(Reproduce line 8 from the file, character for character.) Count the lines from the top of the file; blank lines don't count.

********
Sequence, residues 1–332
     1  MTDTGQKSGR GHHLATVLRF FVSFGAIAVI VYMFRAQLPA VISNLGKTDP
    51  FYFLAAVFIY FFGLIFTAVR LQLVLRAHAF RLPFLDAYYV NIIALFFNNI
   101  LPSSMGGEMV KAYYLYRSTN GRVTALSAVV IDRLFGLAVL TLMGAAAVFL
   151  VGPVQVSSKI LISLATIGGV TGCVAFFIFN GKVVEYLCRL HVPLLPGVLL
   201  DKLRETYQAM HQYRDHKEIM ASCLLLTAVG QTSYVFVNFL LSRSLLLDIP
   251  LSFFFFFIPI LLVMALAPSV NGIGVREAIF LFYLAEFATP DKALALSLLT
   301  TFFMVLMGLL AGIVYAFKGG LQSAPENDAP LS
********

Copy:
   301  TFFMVLMGLL AGIVYAFKGG LQSAPENDAP LS